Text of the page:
Be aware that these measures might suppress symptoms in an emergency but do nothing to address the cause and so won’t prevent recurrence.
Drugs, by their synthetic nature, add to the toxic load on the body.
They interfere with normal bodily functioning, inadvertently creating new symptoms. Many of these symptoms are recognized as side effects. Some can be serious and lasting.
What Is the Benadryl Dose For Boxer Dogs With Hives?
According to the Merck Veterinary Manual, dogs should be given 1-4mg/kg of diphenhydramine (Benadryl) for hives, which equates to 0.5mg-1.8mg/pound of bodyweight. So, a 31kg (68 pound) Boxer would receive about 31-124mg.
Most owners administer this themselves at home, by mouth. But the antihistamine can also be given by injection.
For more severe cases, additional treatment with a glucocorticoid will resolve the symptoms faster than the antihistamine alone. The steroid can be given intravenously but the Merck Manual says oral prednisone at a dose of 0.5-1mg/kg (0.23-0.45mg/pound) is usually enough for milder cases.
Hives generally respond quickly to treatment, but can reappear as the drugs are metabolized.
Merck recommends following up the initial dose of Benadryl with additional doses every 8 hours for 3-5 days after initial treatment to prevent acute recurrence.
Consult your veterinarian if you’re considering using liquid Benadryl as it can contain ingredients like alcohol which make it unsuitable for dogs.
The American Kennel Club advises to never give time-release capsules to a dog as they are absorbed differently than in humans. They can also break open if chewed, releasing all the medication at once and creating a possible overdose.
Benadryl will make your dog drowsy.
A Closer Look At Cause: Are Hives “Allergies” or Toxicity?
The prevailing view of allergies is that they are something in-built that a dog either has or doesn’t.
Many owners are under the impression that the best they can do is avoid whatever their dog is allergic to.
When unable to pinpoint the allergen, they resort to drugs that block the immune response (antihistamines) or suppress the immune system as a whole (steroids).
As explained in this Dogs Naturally article, treating with drugs aimed at symptomatic suppression might appear to fix the problem, but actually sets the dog up for more serious disease longer term. When the toxins are no longer expressed and released via the skin, they are driven back into the deeper organs where they can do even more damage down the road.
There is increasing awareness that allergic symptoms have their origin in toxic accumulation, a concept many of us — including many of our conventionally trained vets — are less familiar with.
If your vet is only offering symptom suppression with drugs (and endless expense!) it might be time to seek out to a holistic veterinarian who knows how to address the root cause of your Boxer’s hives.
Even better, furnish yourself with a better understanding of “allergies” and get empowered to address the problem yourself.
This owners group is a great storehouse of knowledge gleaned from direct experience in doing just that.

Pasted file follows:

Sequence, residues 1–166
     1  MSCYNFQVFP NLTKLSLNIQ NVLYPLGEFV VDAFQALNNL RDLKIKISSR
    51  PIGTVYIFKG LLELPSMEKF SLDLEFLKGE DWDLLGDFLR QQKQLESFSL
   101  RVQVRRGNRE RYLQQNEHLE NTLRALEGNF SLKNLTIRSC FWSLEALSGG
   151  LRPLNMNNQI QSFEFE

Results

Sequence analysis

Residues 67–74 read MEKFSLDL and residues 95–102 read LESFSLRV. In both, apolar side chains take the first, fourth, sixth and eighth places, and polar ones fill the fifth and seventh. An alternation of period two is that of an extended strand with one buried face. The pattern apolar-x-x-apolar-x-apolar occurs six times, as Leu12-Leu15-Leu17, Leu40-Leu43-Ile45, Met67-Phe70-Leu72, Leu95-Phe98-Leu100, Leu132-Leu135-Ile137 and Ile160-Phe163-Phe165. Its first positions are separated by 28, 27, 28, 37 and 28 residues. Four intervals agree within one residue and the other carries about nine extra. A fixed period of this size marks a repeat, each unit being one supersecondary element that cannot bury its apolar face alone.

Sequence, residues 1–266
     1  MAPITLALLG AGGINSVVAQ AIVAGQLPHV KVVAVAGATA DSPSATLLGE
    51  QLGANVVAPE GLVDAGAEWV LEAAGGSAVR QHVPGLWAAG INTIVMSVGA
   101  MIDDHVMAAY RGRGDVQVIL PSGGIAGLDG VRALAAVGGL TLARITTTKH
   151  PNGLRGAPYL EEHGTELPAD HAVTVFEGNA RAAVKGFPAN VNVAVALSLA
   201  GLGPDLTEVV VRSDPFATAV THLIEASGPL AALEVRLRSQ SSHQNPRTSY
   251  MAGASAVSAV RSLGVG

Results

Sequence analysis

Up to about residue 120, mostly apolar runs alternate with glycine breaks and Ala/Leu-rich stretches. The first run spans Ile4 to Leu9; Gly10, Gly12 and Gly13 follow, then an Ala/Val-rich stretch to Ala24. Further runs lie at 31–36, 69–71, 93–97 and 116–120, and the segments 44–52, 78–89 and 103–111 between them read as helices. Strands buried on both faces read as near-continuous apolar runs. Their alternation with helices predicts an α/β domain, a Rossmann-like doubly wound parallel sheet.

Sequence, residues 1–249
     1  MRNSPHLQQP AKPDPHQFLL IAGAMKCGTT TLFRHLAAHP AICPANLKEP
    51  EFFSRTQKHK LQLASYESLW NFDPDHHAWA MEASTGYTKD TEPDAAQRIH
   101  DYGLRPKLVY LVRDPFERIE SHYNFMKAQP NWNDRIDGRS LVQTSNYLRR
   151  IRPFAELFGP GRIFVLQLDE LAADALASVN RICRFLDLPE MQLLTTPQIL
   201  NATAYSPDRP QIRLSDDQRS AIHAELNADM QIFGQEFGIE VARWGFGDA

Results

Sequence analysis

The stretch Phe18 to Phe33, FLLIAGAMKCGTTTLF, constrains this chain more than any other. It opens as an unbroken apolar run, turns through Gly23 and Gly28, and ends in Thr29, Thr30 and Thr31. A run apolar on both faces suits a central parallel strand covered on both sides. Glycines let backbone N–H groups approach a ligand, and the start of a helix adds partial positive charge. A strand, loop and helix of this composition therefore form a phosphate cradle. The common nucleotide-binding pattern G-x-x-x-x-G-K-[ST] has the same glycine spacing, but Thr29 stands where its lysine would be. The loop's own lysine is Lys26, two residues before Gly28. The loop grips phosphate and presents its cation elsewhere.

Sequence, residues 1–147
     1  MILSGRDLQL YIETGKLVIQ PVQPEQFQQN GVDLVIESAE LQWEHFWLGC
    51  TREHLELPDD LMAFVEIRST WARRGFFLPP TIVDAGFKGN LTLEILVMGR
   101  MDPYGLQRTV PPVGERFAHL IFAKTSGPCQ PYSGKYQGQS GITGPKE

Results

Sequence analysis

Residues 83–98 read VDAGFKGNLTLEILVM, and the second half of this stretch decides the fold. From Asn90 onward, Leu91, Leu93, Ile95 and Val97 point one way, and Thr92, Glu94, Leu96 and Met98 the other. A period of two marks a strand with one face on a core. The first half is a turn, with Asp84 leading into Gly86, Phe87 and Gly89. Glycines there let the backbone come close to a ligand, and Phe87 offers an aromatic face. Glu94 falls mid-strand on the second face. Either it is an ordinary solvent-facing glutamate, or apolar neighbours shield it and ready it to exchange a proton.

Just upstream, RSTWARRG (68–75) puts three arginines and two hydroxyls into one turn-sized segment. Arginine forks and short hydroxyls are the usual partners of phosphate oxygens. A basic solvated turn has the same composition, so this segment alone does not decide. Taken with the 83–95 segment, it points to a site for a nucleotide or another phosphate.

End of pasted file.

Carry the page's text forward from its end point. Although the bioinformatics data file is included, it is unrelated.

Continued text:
Checklist Of Things To Do To Avoid Hives In Your Boxer
Some owners end up drugging their dogs daily with Benadryl, at a dose of 2mg/kg twice daily, in order to prevent outbreaks of hives. (This is about 1mg/pound.)
However, Benadryl comes with its own risks, outlined here.
Hives are preventable without drugs by identifying and removing the underlying cause, or toxicity.
As a starting point, you can:
- feed a fresh, raw, species appropriate diet instead of kibble
- wash paws when your Boxer comes inside, especially if you’ve been in public parks
- run an air purifier to remove irritants, VOCs and particulates from your indoor air
- vacuum frequently
- use a steam cleaner instead of mopping with chemical cleaners, fumes from which can be inhaled, and residues ingested
- provide properly filtered or spring water
- avoid using lawncare chemicals and weed killers on your own yard
- in the home, use natural products like citrus and vinegar to clean in place of store-bought chemicals
Not all of these might be immediately feasible for you. Do what you can. The fewer toxins your dog is exposed to, the better.
If you can only do one thing? Fix the diet. What you put into your Boxer’s body daily has a huge impact.
Every toxin you avoid makes it less likely your dog will ever reach the straw that breaks the camel’s back and causes an outbreak of hives, or worse.
See Also: How To Raw Feed A Boxer: A Starter Guide
A Note On Baths
Resist the inclination to bathe your Boxer more frequently to prevent hives.
Bathing a dog actually strips essential oils from the coat. Frequent washing can make the skin prone to microfissures, cause irritation and lead to skin problems.
Four baths a year is plenty for a Boxer.
To remove irritants from the coat in between times, which is worth doing if you live in a city environment, wipe or rinse down with water only.
Hives can be acute, or can become chronic.
Keeping in mind that the cause is exposure to an irritant or toxin, prevention is the key.
This amounts to protecting your Boxer from stinging insects and from toxins contained in everything from processed food like kibble to medication and household chemicals.